In Pictures: Behind the scenes at the National Gallery's Bridget Riley show

By Culture24 Staff | 18 November 2010
A photo of two people painting a wall
Bridget Riley may be one of the UK’s most revered abstract artists and a founder of the Op Art movement, but she’s also inspired by the Old Masters the National Gallery is perhaps better known for. As an emerging artist in the 1950s, Riley copied Van Eyck’s Portrait of a Man (Self Portrait?) from the Gallery collection, and she has repeatedly returned to pilfer the venue for inspiration, seizing on the Masters’ use of colour, line and composition.

A photo of two people painting a wall
For Paintings and Related Works, two of Riley’s works will be added directly onto the walls of the exhibition space – Composition with Circles 7, a wall drawing made for the longest wall of the Gallery’s Sunley Room, and Arcadia, recreated on a larger scale than the last time it was seen, at her retrospective at the Musée de l’art Moderne in Paris two years ago.

A photo of people working on scaffolding inside an art gallery
Riley served on the National Gallery’s Board of Trustees for seven years between 1981 and 1988, selecting work for a major show in the Artist’s Eye series in 1989. Two paintings from the Gallery’s collection, Mantegna’s Introduction of the Cult of Cybele to Rome (1505-06) and Raphael’s Saint Catherine of Alexandria (about 1507), are included in the show at her request.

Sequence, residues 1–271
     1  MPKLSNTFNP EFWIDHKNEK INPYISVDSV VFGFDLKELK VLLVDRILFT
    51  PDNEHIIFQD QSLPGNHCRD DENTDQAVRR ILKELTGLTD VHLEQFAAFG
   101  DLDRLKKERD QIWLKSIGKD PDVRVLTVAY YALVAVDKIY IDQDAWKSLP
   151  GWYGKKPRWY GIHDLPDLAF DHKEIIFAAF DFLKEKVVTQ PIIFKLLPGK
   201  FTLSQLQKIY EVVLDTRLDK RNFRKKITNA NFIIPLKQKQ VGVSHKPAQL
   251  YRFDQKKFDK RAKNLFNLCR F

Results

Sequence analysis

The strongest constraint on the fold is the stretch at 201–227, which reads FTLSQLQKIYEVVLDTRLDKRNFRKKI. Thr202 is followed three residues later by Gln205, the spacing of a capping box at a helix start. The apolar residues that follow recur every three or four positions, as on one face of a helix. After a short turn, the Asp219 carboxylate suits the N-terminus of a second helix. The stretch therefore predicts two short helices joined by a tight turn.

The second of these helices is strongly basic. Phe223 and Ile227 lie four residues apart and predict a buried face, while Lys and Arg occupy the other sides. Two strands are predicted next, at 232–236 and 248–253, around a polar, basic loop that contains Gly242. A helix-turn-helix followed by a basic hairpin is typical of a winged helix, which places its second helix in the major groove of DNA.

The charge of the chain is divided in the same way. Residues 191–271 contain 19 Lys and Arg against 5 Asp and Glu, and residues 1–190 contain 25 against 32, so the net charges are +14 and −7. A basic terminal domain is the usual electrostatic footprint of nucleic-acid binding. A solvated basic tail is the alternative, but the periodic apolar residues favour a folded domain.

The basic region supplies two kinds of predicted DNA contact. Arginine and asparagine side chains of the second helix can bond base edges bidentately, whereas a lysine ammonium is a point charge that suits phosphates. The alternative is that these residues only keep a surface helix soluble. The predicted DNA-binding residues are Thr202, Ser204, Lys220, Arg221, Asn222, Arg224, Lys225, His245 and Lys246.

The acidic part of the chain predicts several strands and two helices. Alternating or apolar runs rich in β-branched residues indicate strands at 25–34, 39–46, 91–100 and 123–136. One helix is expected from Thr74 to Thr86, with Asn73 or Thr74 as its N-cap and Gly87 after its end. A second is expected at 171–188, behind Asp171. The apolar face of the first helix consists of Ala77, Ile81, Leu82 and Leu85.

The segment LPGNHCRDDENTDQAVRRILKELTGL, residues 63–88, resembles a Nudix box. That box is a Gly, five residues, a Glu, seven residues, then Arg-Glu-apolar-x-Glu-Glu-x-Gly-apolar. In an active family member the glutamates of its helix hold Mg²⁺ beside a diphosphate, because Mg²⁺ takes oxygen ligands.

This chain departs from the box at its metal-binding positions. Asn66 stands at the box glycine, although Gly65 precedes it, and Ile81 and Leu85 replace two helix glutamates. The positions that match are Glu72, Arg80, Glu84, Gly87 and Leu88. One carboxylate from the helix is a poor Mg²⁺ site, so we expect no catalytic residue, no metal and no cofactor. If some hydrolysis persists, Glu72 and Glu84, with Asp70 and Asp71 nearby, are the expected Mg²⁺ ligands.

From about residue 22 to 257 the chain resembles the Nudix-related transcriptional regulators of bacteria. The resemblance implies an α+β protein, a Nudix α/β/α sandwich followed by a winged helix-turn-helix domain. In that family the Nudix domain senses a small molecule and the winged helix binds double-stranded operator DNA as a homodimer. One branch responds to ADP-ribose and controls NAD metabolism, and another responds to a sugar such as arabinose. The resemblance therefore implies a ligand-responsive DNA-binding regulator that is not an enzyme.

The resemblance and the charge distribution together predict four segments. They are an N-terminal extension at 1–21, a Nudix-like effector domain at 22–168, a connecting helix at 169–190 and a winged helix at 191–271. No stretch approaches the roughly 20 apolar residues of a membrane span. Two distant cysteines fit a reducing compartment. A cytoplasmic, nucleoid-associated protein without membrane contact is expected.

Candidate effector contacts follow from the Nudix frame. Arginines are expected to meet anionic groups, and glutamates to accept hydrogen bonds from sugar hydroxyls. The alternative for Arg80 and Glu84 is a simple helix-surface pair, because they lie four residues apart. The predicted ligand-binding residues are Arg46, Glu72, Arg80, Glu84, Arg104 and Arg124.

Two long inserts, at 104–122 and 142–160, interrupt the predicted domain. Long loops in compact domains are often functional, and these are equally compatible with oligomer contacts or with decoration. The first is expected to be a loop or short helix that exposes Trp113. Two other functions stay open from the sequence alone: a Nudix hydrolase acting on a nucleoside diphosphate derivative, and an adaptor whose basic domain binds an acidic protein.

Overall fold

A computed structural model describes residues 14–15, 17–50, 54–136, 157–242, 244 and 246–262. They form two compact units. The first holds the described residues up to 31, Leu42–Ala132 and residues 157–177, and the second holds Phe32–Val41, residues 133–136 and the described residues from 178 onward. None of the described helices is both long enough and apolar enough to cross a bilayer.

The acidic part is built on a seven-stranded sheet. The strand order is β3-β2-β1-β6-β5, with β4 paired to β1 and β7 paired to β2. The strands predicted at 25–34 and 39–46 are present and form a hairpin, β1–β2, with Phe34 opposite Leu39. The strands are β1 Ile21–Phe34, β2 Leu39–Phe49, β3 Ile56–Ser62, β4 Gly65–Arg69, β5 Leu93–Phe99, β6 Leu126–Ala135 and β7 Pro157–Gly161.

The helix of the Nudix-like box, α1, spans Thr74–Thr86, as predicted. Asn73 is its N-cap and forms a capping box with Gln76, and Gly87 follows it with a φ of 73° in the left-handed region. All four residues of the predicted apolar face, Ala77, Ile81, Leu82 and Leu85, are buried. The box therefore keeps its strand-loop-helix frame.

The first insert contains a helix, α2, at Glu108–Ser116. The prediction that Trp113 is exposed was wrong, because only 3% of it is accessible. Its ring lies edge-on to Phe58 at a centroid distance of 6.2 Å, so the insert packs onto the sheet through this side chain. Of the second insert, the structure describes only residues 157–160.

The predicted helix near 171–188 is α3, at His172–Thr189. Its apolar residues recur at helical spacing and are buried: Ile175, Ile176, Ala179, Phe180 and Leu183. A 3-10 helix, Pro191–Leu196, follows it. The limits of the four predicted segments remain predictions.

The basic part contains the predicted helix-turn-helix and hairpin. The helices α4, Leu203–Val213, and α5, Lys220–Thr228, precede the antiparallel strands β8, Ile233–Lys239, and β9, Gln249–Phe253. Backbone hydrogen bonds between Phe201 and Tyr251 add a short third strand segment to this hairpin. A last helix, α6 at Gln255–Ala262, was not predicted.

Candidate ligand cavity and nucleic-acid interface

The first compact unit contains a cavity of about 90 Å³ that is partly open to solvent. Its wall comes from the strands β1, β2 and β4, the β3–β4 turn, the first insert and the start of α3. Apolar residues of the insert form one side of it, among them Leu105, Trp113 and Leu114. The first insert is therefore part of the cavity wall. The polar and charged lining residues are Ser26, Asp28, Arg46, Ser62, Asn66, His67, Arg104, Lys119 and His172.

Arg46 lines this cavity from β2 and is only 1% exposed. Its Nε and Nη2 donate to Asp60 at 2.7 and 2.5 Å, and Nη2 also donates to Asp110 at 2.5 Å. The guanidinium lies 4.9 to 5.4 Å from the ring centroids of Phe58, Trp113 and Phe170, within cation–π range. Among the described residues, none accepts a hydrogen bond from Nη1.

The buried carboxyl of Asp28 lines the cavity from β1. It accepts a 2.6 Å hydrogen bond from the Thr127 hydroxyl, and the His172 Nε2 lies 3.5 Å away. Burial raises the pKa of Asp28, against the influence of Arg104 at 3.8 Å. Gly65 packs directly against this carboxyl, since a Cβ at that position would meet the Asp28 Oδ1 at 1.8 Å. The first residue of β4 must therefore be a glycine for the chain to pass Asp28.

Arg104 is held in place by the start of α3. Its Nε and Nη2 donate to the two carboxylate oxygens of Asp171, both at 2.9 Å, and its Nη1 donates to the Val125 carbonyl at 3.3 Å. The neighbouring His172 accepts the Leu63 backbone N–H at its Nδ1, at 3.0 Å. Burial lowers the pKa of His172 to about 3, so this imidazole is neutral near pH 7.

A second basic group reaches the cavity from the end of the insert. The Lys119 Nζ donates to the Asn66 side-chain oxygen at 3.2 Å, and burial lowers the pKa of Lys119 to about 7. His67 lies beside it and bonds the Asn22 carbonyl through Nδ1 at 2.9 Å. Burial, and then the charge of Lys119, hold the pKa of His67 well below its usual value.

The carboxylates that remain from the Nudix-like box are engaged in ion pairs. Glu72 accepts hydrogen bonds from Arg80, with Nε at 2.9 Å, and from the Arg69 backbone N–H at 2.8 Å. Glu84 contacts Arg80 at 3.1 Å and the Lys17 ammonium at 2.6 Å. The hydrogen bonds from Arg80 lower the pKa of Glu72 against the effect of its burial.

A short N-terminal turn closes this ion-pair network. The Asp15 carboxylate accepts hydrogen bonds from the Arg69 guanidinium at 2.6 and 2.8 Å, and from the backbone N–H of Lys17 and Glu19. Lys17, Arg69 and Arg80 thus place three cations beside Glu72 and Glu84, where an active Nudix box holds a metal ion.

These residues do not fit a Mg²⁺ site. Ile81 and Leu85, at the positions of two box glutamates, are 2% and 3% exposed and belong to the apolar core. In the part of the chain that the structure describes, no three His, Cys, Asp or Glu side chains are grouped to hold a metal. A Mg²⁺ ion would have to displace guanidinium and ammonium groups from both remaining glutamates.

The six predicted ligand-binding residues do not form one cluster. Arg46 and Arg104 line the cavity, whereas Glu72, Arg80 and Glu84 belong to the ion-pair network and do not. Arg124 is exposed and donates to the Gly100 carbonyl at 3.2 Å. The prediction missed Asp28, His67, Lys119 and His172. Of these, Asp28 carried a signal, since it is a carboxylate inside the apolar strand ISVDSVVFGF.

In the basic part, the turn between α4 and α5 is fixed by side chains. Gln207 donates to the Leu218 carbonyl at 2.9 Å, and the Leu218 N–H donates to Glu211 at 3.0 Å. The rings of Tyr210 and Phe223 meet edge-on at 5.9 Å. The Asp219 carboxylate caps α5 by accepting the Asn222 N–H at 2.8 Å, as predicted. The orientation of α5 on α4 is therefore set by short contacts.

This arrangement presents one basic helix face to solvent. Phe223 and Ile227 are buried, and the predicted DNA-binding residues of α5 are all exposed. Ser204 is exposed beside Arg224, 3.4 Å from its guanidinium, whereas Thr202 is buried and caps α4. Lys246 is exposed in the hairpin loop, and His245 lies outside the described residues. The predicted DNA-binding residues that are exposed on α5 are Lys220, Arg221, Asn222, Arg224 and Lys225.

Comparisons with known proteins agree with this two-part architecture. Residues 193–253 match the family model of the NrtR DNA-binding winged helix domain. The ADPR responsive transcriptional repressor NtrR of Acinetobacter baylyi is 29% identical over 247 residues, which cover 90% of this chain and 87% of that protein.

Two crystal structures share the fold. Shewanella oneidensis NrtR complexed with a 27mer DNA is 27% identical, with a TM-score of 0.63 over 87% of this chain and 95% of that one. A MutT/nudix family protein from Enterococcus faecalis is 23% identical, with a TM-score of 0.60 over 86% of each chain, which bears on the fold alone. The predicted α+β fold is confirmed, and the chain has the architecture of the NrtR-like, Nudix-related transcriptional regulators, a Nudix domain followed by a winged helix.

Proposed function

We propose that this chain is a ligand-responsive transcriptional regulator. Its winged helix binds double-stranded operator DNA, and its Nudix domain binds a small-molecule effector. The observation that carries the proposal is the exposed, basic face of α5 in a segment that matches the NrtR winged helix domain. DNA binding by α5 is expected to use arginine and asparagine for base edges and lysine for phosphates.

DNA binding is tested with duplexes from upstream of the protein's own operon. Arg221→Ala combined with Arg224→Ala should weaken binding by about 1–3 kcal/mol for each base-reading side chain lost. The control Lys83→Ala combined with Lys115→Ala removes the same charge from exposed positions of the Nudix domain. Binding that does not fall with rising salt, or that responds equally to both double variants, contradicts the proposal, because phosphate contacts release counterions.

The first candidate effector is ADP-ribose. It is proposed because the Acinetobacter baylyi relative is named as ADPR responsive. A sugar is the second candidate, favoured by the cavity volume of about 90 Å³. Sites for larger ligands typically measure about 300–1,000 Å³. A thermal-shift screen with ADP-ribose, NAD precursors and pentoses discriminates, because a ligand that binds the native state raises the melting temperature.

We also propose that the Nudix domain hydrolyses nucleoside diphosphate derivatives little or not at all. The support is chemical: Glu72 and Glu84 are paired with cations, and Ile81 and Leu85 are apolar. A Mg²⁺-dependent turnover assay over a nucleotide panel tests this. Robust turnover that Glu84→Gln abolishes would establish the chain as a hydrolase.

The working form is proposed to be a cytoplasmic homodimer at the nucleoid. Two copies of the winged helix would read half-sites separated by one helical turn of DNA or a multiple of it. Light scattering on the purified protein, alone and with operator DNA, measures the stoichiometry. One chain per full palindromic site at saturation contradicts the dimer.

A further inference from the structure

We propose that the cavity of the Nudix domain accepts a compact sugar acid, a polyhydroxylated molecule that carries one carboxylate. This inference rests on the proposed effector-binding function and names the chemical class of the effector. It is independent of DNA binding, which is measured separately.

A photo of people working on scaffolding inside an art gallery
The “elegant serpentine forms” of the Saint and the “dynamic processional rhythms” of the Mantegna are intended to give a historical precedent to Riley’s most recent large-scale works. An accompanying film in the Sunley Room cinema shows the artist discussing her relationship with the National Gallery collection.

Exhibition opens November 24 2010, continues to May 22 2011
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